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I have a web application that replaces a non-web predecessor.

A low level set of users accessed basic functionality with touch panels in the non-web previous version of the product with the touch panels being secured with a PIN code.

The replacement devices panels will be android. We have suggested doing this as a passphrase, or as a numeric input, but product management wants an HTML rendered "key pad" screen instead of the normal android input panel behavior.

Gut feeling is that this is less secure than using the OS inputs, but I cannot come up with a concrete reason that it should be that doesn't also apply in either case.

Am I overlooking something or is my initial reaction incorrect here?

  • Why would a custom input be more or less secure than a default input? In both scenarios you are entering (the same) data and sending it on to the server. The only difference seem to be user friendliness. – oɔɯǝɹ Jun 18 '16 at 23:21
  • in some cases it is, like re-implementing the windows auth dialog vs calling for the default to be displayed from managed code or asking the browser to handle a negotiated auth. I don't know that in this case it actually is or isn't – Bill Jun 19 '16 at 18:58
  • there still is no actual difference, in both cases you are putting your trust in a user device that is not under your control. – oɔɯǝɹ Jun 20 '16 at 8:09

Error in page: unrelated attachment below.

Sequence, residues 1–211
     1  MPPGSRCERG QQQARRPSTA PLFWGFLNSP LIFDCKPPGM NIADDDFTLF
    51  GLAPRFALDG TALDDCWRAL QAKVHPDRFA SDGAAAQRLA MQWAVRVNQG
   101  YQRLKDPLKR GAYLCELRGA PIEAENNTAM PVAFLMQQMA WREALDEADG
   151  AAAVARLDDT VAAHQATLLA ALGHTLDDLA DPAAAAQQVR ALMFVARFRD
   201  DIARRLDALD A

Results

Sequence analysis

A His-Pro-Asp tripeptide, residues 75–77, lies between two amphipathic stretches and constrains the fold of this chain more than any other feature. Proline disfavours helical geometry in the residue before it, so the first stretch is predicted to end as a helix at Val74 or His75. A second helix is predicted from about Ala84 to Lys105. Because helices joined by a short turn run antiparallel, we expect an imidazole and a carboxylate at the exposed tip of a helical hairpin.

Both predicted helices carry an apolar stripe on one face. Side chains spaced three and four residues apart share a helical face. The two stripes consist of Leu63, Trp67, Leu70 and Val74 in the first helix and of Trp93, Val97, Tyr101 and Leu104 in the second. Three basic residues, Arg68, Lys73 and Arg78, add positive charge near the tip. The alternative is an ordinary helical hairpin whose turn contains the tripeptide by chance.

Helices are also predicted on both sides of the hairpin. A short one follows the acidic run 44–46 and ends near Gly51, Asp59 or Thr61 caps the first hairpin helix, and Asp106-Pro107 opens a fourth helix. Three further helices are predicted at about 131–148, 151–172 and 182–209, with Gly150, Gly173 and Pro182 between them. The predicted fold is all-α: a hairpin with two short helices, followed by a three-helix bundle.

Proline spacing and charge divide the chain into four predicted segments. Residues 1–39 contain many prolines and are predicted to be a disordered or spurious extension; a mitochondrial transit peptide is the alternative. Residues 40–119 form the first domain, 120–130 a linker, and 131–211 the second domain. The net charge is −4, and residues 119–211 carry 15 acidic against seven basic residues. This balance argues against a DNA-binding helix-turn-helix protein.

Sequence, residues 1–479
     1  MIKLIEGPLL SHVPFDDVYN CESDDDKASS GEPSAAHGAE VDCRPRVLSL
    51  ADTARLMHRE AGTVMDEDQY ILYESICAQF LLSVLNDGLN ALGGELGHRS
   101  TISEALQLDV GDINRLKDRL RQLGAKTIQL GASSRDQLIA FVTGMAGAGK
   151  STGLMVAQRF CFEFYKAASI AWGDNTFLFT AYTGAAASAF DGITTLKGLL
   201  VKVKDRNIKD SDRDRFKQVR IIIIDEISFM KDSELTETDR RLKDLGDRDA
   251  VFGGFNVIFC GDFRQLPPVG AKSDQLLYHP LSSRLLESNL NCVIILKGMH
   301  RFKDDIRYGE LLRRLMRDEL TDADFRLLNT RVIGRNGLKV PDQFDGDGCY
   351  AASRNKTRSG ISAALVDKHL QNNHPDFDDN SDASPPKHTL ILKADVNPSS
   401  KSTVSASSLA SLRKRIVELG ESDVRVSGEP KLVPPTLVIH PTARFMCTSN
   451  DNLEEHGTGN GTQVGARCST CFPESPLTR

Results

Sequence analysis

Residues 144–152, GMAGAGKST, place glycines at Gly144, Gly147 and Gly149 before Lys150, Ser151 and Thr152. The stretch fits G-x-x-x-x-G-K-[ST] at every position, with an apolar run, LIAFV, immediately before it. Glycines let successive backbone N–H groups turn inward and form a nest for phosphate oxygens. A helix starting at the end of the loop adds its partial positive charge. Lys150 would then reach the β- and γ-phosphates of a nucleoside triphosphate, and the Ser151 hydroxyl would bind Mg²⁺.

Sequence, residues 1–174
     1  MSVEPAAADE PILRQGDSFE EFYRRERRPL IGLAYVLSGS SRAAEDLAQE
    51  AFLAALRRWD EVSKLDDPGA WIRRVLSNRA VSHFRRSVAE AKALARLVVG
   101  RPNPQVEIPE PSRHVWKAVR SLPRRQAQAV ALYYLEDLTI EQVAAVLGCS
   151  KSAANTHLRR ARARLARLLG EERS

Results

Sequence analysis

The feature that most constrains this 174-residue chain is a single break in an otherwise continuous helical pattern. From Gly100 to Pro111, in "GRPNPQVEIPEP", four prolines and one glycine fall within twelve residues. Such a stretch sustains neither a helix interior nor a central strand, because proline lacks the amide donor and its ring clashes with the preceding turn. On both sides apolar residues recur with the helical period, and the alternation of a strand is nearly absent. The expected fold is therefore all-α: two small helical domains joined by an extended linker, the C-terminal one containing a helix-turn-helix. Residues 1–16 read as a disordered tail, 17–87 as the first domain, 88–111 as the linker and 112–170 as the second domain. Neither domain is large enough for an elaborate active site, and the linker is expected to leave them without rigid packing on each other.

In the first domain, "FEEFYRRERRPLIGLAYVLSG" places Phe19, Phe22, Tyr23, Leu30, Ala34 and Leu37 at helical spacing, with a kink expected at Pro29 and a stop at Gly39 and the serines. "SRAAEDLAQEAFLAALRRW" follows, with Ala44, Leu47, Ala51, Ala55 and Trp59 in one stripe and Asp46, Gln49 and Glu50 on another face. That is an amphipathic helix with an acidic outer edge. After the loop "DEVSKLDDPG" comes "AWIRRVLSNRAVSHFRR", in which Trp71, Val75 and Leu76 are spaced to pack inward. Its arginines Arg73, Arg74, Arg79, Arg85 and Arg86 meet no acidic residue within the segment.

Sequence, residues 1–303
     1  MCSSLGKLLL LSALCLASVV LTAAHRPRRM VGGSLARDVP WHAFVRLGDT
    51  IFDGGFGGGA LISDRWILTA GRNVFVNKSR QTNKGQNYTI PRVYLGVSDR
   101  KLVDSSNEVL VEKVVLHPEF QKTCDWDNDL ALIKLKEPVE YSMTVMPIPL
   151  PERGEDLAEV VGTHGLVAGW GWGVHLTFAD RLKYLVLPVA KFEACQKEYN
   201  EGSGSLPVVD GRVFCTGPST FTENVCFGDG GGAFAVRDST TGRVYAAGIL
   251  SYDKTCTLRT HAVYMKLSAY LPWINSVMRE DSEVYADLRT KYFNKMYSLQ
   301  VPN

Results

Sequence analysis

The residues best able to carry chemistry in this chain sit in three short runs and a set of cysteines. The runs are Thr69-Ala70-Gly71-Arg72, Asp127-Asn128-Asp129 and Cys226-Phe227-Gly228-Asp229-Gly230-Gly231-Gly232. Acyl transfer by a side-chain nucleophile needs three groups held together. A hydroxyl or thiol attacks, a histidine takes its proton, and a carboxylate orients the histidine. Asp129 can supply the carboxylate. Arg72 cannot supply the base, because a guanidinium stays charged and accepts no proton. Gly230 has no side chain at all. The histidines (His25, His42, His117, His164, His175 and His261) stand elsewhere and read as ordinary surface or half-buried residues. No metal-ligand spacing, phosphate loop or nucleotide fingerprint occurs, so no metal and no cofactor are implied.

• In web for this situation you may very well be correct, I used to spend a lot more time in the world of Active Directory where you shouldn't touch the credentials because the OS is capable if doing it more securely and the OS->AD communication has stronger protections and some control over the cleint. This is primarily where my initial reaction comes from I think. – Bill Jun 20 '16 at 15:02
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There is no huge security weaknesses with them. Actually, a lot of websites (banks notably) are already using web rendered keypads as part of their customer's website authentication mechanism.

While there is still pros and cons, this offers the developers more flexibility than using standard OS input. In particular, the numbers can be presented in random order (preventing shoulder surfing) and it can be made impossible (or at least difficult) for the end-users to copy-paste the password or make the browser remember it.

The main argument I saw against such systems is a direct consequence of the anti-copy-paste feature, since it also prevents the use of password safe software to securely store the password. But this is not a weakness of the HTML rendered keypad per se.

As you said, all attacks valid against the former could also be done against the latter in one form or another.

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